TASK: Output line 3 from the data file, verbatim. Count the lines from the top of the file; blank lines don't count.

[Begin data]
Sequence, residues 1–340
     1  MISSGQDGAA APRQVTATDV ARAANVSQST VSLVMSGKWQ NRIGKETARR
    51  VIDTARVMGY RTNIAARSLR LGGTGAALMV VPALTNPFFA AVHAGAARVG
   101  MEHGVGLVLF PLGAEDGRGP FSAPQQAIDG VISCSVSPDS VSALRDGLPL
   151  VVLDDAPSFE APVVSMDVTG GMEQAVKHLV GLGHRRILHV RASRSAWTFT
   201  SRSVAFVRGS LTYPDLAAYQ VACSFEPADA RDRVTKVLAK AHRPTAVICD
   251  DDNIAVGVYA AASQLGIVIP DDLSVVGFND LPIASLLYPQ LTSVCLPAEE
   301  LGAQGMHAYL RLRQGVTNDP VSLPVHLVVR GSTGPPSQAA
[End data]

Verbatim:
    51  VIDTARVMGY RTNIAARSLR LGGTGAALMV VPALTNPFFA AVHAGAARVG